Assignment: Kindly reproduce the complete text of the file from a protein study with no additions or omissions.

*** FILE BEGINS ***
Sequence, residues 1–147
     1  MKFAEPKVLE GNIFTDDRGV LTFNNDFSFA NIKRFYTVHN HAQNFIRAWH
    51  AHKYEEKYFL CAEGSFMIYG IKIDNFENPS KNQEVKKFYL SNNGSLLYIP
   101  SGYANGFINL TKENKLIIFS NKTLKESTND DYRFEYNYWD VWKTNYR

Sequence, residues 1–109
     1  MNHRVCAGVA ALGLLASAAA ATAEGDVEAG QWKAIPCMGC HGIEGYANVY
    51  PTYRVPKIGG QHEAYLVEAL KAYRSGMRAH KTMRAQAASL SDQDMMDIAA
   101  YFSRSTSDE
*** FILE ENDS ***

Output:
Sequence, residues 1–147
     1  MKFAEPKVLE GNIFTDDRGV LTFNNDFSFA NIKRFYTVHN HAQNFIRAWH
    51  AHKYEEKYFL CAEGSFMIYG IKIDNFENPS KNQEVKKFYL SNNGSLLYIP
   101  SGYANGFINL TKENKLIIFS NKTLKESTND DYRFEYNYWD VWKTNYR

Sequence, residues 1–109
     1  MNHRVCAGVA ALGLLASAAA ATAEGDVEAG QWKAIPCMGC HGIEGYANVY
    51  PTYRVPKIGG QHEAYLVEAL KAYRSGMRAH KTMRAQAASL SDQDMMDIAA
   101  YFSRSTSDE